“We have a whole new economy that can flourish here in California around cannabis,” says Dale Sky Jones, executive chancellor of Oaksterdam University.

Proponents argue that marijuana sales could haul in $1.4 billion dollars in tax revenues, reports CBS News correspondent Bill Whitaker.

That’s a major reason why one of the state’s largest unions has endorsed legalization. The California chapter of the NAACP is behind it too, along with at least two former big city police chiefs.

Former San Jose police chief Joseph McNamara says, “It diverts the police from their primary duties to protect life and property. People are not terrified about pot smoking in their neighborhood.”

California has long been on the cutting edge when it comes to pot. Fourteen years ago, voters approved the use of medical marijuana and recently, Gov. Arnold Schwarzenegger relaxed penalties for pot possession.

Even though he famously inhaled as a body builder, Schwarzenegger says Proposition 19 would turn the state into a laughingstock.

Believe it or not, the measure has sparked high anxiety at some medical marijuana shops.

“We are not sure what our business will look like post-Prop 19,” says Daniel Bornstein from Medithrive Medical Marijuana Provider.

For employers, the law could create a giant headache. Employees couldn’t be fired for smoking pot unless employers prove that the drug impaired job performance.

“So it does open the door for the ability of employees to smoke pot at work,” says Denise Davis of the California Chamber of Commerce.

Even if it passes, pot would still be illegal under federal drug laws, so it’s likely Prop 19 will be challenged in court. That means the whole controversial issue could just go up in smoke.

Facebook Billionaire Gives Money to Legalize Marijuana in California

From Forbes:

Dustin Moskovitz confirmed tonight that he has recently given $50,000 in support of Proposition 19, which is seeking to legalize marijuana in California this November. He had previously donated $20,000 to supporters of the act, which would allow people 21 years old or older to possess, cultivate or transport cannabis for personal use and would permit local governments to  regulate and tax commercial production and sale of the substance. (UpdateDustin explains why he backs Prop 19.)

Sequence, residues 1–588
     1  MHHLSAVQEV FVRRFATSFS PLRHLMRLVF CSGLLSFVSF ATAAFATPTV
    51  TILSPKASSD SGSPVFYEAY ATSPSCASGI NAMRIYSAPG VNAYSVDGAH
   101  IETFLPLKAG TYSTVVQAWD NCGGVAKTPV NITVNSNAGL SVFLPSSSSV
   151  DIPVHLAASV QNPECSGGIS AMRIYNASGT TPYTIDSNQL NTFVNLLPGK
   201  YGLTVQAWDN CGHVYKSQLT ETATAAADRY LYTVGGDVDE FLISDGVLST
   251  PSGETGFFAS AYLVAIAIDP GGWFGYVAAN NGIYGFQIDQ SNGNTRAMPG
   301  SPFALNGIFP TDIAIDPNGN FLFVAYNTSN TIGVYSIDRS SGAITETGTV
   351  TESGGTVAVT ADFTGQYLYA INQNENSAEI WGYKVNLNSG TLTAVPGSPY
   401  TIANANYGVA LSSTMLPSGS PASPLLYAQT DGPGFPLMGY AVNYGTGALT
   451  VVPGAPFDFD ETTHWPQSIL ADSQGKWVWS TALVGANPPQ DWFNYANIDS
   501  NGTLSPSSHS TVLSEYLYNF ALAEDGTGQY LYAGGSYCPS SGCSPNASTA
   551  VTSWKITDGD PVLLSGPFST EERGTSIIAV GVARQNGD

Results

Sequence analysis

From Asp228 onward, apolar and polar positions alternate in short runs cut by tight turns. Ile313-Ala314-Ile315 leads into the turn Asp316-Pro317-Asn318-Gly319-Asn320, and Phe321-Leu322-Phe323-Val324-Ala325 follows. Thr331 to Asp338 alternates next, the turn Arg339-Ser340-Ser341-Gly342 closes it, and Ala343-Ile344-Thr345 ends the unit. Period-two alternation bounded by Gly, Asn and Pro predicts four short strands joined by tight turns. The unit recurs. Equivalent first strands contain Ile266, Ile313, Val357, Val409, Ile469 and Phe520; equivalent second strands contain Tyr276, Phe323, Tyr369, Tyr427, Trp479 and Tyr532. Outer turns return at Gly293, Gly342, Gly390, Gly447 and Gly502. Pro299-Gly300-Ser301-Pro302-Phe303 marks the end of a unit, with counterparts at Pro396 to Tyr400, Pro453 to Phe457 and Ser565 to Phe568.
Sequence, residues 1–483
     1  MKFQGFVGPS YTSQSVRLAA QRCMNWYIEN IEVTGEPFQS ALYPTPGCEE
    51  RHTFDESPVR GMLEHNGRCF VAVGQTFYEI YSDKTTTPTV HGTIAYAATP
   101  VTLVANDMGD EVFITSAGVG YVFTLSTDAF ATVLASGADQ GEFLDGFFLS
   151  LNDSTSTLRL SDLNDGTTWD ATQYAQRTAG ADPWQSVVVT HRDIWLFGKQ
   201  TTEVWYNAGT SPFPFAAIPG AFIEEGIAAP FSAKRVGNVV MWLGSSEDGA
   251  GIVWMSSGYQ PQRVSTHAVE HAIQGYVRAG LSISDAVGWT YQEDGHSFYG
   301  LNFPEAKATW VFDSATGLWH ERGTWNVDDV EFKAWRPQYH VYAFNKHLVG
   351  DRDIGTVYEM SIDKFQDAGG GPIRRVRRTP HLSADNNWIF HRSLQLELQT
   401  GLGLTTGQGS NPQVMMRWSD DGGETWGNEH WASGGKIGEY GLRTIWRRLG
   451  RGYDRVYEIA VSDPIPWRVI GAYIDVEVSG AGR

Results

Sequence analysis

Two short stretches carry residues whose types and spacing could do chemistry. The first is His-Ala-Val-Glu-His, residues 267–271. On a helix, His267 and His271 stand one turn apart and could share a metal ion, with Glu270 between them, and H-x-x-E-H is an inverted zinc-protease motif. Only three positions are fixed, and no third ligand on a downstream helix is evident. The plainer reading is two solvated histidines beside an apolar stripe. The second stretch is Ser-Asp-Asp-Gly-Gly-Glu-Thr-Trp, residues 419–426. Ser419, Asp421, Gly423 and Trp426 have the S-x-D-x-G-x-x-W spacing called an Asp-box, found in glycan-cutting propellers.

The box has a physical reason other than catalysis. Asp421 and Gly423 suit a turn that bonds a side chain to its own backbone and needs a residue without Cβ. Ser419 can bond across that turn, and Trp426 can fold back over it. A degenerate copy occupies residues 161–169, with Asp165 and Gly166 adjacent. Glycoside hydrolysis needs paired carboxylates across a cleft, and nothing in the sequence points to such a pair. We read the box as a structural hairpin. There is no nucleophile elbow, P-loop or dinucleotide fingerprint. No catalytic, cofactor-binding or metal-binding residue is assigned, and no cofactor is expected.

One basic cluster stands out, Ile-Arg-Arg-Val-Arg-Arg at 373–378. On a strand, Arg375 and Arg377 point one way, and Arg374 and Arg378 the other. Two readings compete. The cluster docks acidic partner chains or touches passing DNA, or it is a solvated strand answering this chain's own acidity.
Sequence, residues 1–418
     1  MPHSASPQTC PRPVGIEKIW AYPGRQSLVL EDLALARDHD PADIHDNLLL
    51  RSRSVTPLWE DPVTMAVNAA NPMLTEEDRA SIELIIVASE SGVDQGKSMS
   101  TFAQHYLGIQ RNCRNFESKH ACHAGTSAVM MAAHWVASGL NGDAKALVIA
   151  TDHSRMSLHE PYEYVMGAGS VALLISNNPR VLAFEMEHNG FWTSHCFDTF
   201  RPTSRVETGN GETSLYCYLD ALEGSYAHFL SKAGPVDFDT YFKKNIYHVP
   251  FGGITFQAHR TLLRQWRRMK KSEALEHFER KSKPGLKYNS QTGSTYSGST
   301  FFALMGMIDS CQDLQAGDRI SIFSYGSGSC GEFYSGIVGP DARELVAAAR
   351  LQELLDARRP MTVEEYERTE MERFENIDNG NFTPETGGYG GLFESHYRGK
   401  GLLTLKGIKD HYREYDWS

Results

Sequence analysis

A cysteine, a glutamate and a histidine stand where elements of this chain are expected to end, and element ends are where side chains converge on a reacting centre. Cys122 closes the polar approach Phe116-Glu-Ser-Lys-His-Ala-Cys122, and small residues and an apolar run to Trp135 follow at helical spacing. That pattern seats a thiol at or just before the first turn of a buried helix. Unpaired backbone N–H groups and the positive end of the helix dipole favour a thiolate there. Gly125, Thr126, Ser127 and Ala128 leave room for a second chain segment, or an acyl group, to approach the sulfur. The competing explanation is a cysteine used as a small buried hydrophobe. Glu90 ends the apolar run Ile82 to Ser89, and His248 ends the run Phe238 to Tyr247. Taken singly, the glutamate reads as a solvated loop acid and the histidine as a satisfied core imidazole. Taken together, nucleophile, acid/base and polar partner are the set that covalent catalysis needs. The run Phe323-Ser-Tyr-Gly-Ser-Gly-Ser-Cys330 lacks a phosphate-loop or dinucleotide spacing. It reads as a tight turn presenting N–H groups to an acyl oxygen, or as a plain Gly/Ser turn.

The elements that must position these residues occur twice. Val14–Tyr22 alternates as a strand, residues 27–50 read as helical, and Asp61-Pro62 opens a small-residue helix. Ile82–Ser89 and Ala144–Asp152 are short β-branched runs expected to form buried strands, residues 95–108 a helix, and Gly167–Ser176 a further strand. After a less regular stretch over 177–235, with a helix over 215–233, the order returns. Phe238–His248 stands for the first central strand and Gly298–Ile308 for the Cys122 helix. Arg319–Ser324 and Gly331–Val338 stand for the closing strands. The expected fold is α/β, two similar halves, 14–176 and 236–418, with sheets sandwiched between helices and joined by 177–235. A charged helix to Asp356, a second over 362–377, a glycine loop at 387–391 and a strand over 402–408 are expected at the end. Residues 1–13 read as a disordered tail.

Not too many other billionaires have come out in favor of legalizing pot but one who has is Peter Lewis, who donated $12,800 to Oregon’s medical marijuana ballot this November, according to my colleague Clare O’Connor. (Read her September post). Lewis, who was arrested for drug possession in New Zealand a decade ago, has been a longtime supporter of the issue; he apparently smoked marijuana for pain relief after his left leg was amputated.

Moskovitz, who is now the America’s youngest billionaire and who is played by actor Joseph Mazzello in the just released Facebook movie “The Social Network,”  had no other comment at this time. Moskovitz left Facebook in 2008 and started Asana, a software company that allows individuals and small companies to better collaborate. The company, which has several of the same early backers as Facebook, lists some of its values as pragmatism, chill-ness and being a mensch. For now, we estimate that his entire $1.4 billion fortune comes from his 6% stake in Facebook

Comedian Caught with Marijuana at Customs, After Petting Drug Sniffing Dog

Ralphie May is an “idiot” — his word, not ours — because he got caught carrying pot through customs in Guam … after he approached a drug-sniffing dog because he thought it was cute.

May was busted for weed last week, but only had to pay a small fine because he was carrying less than an ounce. The comedian tells us he didn’t realize the pot was in his bag when, on his way through customs, he went up to the dog and started petting it.

May, who has a medical marijuana card, explains: “When I got to baggage claim, I actually walked up to the dog. I love dogs and petted Nickey, the beautiful shepherd mix, and she sat down. That indicates to the handler that I had marijuana on me. I didn’t know that, I just thought that dog loved me. Then another dog came over and it sat down as well and I petted that dog too. I was thinking these dogs love me they can tell I’m a dog person.”

May dealt with some very nice customs agents and he explained the mix-up. May says, “The customs agents said they knew I didn’t mean to smuggle drugs into Guam cause no drug smuggler would be stupid enough to walk up to the dogs and pet them.”